Yo app: what is it and why is it popular?
Stephen Colbert says new Yo app is 'stupid', but some experts believe it has huge potential
The creators of the Yo app, which allows users to do nothing but say "Yo" to one another, are still trying to fix a security flaw with the program.
Yo has been labelled "stupid" by US TV host Stephen Colbert who lampooned the simple app saying "there's a new app that has expanded the possibilities for communication by drastically reducing them".
But interest in Yo has spread at viral speeds and the team behind the app has managed to raise over $1 million in venture capital funding.
On Friday, app developer Or Arbel announced that Yo was "having security issues", but said members of his team were working on getting them fixed as quickly as possible. As of this morning, neither the Android nor iOS versions of the app have received updates.
What does the Yo app do?
Yo bills itself as the "simplest and most efficient communication tool in the world". With a single tap, users can send the word "Yo" to one another – and nothing else. The app's developers note that sending the same message using WhatsApp, Facebook or SnapChat would take 11 taps.
Yes, but what if I want to say something else?
You can't. But Yo claims that this limitation is also its inherent strength. "Wanna say 'good morning'? Just Yo. Wanna say 'Baby I'm thinking about you'? – Yo. 'I've finished my meeting, come by my office?' – Yo… The possibilities are endless" the app's developers explain on iTunes.
What do Yo users say?
Some users are raving about the app's potential with tongue-in-cheek reviews online, the Daily Mail notes. "Since downloading Yo, all my relationships have improved and I've regrown most of my hair," said one reviewer on iTunes. "Receiving a yo is fast becoming the highlight of my day," added another on the Google Play store. Many others don't see the point and have given the app a one-star review. Yo currently has a middling three-star rating on iTunes.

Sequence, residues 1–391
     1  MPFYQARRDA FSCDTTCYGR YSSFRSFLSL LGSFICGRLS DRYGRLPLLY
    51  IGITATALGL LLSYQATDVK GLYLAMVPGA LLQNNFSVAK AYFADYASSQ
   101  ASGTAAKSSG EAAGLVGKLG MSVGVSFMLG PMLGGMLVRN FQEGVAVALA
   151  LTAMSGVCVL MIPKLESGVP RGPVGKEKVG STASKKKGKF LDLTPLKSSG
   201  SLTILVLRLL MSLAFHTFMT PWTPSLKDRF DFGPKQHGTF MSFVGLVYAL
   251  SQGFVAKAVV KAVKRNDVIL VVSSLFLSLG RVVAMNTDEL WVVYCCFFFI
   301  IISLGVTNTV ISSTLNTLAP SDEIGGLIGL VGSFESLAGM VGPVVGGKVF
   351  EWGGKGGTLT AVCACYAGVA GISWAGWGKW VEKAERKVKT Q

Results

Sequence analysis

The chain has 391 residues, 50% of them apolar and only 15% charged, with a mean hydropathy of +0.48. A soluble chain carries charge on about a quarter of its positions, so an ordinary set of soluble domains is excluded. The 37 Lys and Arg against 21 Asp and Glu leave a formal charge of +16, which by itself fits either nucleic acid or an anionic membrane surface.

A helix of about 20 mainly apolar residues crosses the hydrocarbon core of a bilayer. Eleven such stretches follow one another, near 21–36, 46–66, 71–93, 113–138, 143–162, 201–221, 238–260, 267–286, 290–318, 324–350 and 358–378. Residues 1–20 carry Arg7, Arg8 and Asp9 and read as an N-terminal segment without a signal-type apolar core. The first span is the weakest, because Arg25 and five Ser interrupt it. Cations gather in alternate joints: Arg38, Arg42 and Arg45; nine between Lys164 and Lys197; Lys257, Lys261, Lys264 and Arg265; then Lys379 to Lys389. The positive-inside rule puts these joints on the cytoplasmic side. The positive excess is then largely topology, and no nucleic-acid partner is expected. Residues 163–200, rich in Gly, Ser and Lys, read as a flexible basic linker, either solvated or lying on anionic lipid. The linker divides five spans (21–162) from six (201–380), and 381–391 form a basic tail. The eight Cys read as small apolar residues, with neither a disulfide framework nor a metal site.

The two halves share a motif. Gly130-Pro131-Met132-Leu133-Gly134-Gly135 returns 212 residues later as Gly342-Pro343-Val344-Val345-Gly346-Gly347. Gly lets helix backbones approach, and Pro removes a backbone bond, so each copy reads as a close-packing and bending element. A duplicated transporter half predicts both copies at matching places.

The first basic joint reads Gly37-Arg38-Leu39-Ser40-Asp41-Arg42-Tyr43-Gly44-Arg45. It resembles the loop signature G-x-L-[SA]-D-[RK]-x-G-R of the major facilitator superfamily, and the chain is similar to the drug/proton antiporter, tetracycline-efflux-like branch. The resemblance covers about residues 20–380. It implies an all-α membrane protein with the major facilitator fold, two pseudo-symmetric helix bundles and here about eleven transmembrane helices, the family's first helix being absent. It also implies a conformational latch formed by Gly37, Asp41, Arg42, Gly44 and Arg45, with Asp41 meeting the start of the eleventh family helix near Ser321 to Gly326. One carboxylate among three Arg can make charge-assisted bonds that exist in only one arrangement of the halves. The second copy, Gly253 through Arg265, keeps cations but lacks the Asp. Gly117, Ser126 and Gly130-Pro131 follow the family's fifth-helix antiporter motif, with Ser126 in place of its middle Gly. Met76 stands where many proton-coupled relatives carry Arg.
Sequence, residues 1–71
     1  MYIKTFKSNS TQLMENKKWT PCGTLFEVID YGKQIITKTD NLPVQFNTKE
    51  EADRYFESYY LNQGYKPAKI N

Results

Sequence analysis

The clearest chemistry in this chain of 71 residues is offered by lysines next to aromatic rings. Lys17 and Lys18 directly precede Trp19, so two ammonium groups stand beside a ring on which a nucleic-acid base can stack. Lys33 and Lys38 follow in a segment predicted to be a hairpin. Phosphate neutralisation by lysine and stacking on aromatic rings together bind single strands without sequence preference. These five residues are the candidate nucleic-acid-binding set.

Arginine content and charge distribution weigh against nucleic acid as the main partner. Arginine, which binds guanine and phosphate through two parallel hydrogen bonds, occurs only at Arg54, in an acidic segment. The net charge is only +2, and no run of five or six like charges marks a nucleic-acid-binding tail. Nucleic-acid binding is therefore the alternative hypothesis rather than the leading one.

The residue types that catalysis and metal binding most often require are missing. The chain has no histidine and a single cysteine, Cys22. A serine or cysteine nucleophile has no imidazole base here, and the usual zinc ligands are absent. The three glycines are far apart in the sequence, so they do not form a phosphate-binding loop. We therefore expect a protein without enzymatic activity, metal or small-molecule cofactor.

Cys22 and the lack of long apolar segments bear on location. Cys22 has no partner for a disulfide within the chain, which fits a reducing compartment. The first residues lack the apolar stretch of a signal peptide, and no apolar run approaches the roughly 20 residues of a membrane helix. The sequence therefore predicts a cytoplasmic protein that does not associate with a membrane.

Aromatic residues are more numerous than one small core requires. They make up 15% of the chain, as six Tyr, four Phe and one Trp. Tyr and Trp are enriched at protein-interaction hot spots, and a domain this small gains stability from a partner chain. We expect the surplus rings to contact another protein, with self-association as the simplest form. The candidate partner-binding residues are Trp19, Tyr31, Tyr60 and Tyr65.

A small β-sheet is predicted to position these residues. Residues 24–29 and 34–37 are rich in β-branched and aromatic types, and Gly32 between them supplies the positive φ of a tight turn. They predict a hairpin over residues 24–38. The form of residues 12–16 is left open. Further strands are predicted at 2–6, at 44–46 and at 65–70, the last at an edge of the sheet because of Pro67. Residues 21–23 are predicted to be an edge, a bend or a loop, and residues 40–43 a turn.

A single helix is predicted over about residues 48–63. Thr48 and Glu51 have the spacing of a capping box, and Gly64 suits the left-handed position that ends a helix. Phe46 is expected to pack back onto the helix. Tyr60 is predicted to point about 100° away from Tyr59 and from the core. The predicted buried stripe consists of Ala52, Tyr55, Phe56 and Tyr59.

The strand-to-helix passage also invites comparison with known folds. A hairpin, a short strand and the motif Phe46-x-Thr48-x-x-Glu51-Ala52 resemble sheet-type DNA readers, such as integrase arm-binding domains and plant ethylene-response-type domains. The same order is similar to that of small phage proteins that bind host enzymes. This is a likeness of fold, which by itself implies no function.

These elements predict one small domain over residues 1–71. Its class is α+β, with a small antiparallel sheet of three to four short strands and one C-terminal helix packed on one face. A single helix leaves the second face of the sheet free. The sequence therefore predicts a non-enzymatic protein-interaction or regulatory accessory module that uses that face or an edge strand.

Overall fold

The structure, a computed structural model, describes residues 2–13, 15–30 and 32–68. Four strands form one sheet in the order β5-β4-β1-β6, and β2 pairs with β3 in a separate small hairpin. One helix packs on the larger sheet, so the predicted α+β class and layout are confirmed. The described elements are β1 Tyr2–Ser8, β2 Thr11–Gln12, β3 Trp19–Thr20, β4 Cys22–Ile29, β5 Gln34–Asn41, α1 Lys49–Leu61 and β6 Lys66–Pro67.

What is the security flaw?
A Georgia Tech student told Techcrunch that he had managed to bypass Yo’s security. “We can get any Yo user’s phone number (I actually texted the founder, and he called me back)”, the student said. "We can spoof Yo's from any users, and we can spam any user with as many Yo. We could also send any Yo user a push notification with any text we want (though we decided not to do that)." Arbel later confirmed the hack.
So is Yo just pointless?
In its current incarnation Yo might not offer very much, but Forbes's Anthony Wing Kosner believes the app has huge potential. "If a 'Yo' could also contain a link, the impact would be huge" Kosner says.
He adds: "Consider the meaning of a 'yo' with a map location, with a web address, with a song or a YouTube video? The ability to shout out the immediate context is what Twitter is supposed to be for, but who wants to bother crafting 140 characters anymore?"
Kosner also believes that Yo could be the perfect app for the much-anticipated Apple smartwatch.
The first step will be to fix the app's security issues. But with Yo still riding high in the app charts, Android Headlines says that the hack may actually have helped, rather than hindered Arbel. Sometimes "bad press is good press", the site concludes.